on 2 September 2001
Archie Shepp is more famously known for his Fire Music (Impulse!, 1965), his avant-garde antics at the Village Vanguard in the mid-1960s and for his work with Cotrane in the same period, than for Four For Trane, his first recording on the Impulse! label.
The album has renditions of four Coltrane compositions: "Syeeda's Song Flute", "Mr. Syms", "Cousin Mary" and "Naima". The first opens with a richly orchestrated introduction, which is then sharply contrasted against Shepp's tremulous, fractured delivery. Roswell Rudd offers pointed comments in the background and follows with a similarly abstract solo. The trombone had clearly evolved into unrecognisable territory since the days of J.J. Johnson and Kay Winding!
The first bars of "Mr. Syms" almost presage a dark landscape, but Shepp's arrangement is lithe and subtly textured, bringing out the passion in the composition with an understated eloquence. Alan Shorter, older brother of Wayne, contributes a remarkably impressionistic solo, setting the tone for Archie's equally poetic statement. Pity that Alan Shorter's remaining discography is so thin.
Four For Trane is a mysterious album: it is an avant-garde tribute to a living master who had yet to record his most significant avant-garde albums, A Love Supreme (1964), Ascension (1965) and Interstellar Space (1967), all on the same label as Shepp's. Trane himself appears in a contrived portrait on the cover, on which Shepp stares ahead pensively with pipe in mouth.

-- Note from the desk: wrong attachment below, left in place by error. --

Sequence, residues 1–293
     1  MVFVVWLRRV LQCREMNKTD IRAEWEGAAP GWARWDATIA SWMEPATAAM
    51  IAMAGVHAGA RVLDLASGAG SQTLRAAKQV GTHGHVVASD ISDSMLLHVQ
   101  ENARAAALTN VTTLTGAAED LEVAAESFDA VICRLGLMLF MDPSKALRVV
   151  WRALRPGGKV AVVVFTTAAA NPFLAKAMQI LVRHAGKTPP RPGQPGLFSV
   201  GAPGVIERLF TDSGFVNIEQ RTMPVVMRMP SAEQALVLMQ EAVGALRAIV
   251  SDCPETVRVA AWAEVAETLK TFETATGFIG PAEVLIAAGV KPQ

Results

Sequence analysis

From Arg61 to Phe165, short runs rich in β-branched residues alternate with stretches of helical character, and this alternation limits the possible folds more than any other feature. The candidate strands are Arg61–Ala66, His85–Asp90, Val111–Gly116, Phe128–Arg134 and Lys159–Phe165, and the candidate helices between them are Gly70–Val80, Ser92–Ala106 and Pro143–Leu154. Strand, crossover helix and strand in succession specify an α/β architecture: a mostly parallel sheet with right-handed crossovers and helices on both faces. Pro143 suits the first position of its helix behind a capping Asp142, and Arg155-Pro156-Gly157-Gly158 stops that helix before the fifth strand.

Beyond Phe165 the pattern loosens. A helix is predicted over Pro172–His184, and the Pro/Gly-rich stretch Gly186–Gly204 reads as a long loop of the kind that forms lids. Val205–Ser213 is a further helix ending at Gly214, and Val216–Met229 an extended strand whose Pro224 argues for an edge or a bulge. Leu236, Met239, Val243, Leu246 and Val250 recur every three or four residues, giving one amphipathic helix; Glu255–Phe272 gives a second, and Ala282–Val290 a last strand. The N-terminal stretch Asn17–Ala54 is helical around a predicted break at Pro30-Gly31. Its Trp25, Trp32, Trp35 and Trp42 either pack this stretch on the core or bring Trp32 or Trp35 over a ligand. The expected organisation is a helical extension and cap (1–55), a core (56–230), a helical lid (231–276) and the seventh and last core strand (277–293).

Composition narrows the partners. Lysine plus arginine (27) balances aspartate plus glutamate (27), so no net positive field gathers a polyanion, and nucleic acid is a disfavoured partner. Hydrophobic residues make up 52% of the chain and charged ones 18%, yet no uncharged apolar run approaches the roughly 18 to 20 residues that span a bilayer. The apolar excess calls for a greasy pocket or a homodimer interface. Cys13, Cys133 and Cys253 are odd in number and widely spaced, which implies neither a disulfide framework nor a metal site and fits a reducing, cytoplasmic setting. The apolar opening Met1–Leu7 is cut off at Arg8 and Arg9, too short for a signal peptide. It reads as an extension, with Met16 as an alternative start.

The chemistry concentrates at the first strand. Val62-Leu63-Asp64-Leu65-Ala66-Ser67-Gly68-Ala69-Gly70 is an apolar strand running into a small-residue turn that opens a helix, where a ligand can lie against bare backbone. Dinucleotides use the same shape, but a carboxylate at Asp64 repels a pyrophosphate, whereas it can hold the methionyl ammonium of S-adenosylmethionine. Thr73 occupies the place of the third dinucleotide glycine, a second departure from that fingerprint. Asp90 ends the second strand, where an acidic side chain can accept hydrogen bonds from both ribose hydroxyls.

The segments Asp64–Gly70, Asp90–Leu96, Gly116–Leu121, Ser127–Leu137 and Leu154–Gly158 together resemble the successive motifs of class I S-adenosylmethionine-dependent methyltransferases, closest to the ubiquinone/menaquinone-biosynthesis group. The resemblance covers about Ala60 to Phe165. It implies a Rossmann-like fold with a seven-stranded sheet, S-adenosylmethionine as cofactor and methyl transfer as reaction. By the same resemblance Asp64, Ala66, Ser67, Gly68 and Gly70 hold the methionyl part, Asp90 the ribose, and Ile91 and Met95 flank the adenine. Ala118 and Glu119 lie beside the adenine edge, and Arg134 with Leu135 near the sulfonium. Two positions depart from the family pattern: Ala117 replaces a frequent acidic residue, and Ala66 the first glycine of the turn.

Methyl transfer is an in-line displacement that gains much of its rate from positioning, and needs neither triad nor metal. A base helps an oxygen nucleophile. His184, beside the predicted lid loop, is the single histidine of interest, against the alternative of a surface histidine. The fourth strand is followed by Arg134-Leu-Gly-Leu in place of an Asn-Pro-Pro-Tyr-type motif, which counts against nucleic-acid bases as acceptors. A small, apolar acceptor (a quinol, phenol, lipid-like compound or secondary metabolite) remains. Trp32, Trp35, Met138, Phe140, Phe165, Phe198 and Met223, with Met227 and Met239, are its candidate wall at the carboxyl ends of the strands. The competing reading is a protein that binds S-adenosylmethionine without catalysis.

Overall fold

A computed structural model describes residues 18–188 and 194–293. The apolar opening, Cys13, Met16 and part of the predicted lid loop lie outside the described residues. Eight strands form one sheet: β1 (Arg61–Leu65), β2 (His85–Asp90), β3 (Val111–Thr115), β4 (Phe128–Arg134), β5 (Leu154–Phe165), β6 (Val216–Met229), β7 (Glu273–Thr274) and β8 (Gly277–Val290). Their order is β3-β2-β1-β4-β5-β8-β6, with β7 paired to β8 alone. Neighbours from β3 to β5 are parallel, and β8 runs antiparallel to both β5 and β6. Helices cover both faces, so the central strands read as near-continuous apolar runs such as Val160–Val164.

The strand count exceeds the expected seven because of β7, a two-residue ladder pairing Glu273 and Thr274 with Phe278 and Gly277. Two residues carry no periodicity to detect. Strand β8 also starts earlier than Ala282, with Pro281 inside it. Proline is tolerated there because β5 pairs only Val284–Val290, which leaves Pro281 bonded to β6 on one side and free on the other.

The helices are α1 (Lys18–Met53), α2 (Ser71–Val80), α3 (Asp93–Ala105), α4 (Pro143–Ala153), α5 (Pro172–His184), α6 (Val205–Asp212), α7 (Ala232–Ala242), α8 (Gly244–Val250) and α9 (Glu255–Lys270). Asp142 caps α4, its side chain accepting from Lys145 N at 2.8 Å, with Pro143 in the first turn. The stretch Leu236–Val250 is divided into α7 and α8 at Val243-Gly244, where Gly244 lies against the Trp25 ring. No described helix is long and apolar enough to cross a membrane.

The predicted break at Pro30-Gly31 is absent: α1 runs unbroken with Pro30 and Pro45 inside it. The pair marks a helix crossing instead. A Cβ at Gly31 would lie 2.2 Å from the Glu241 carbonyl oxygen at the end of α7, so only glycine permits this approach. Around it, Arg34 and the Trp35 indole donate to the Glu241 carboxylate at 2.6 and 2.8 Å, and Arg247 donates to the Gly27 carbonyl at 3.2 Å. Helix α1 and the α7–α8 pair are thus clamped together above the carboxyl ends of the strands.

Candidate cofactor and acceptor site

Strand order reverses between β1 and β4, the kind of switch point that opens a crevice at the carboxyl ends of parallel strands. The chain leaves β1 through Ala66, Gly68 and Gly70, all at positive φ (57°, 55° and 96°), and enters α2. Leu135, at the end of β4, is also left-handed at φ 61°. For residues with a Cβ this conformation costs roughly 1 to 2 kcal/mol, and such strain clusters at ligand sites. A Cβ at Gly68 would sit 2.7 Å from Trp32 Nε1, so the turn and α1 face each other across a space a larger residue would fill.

"Naima" is arguably the most compelling piece on the album - possibly Coltrane's most played "standard", it is magically arranged by Roswell Rudd, comparable to a tone-poem of Ellingtonian profundity. The solos are breezy and almost nebulous in their commitment to non-definition. The performance reveals both a veneration for Coltrane's compositional austerity and formal beauty, and at the same time a bleak conception of emotion far removed from Coltrane's burning urgency.
This fascinating record, a work of clarity and elegance amid the frenzy of the "New Thing", ends enigmatically with a Shepp composition whose title reveals a bizarre humour: "Rufus (Swung, his face to at last to the wind, then his neck snapped)".
Recorded in New Jersey on August 10, 1964, 'Four For Trane' is one of the truly great albums of '60s jazz.
With leader Archie Shepp on tenor saxophone, were Roswell Rudd(trombone), John Tchicai(alto saxophone), Alan Shorter(trumpet), Reggie Workman(bass) & Charles Moffett(drums) playing brilliantly arranged versions of four John Coltrane tunes plus one Shepp original.
The late jazz writer, Keith Shadwick, has described Shepp's soloing as "awash with humanity and humour" a phrase that can be equally applied to much of the powerful, bluesy music on this marvellous album.
'Four For Trane' is a neglected masterpiece that's on a par with Coltrane's famous 'A Love Supreme' recorded a few months later and is essential listening for anyone who appreciates passionate and adventurous modern jazz.